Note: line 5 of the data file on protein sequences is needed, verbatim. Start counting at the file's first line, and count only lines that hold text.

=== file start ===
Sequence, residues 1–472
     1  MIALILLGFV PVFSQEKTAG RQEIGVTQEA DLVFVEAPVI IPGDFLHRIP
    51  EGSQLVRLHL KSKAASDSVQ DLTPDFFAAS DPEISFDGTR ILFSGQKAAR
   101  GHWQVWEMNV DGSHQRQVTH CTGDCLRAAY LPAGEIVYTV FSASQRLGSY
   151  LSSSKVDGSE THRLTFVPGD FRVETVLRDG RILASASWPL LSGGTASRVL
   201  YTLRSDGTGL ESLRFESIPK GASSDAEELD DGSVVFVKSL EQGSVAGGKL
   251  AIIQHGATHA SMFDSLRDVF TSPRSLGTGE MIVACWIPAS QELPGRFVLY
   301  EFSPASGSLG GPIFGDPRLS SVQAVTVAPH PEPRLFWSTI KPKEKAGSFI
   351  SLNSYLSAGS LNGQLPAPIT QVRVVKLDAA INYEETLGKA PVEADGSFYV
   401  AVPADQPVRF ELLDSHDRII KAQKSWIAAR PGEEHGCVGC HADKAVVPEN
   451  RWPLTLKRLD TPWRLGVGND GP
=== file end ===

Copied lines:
   151  LSSSKVDGSE THRLTFVPGD FRVETVLRDG RILASASWPL LSGGTASRVL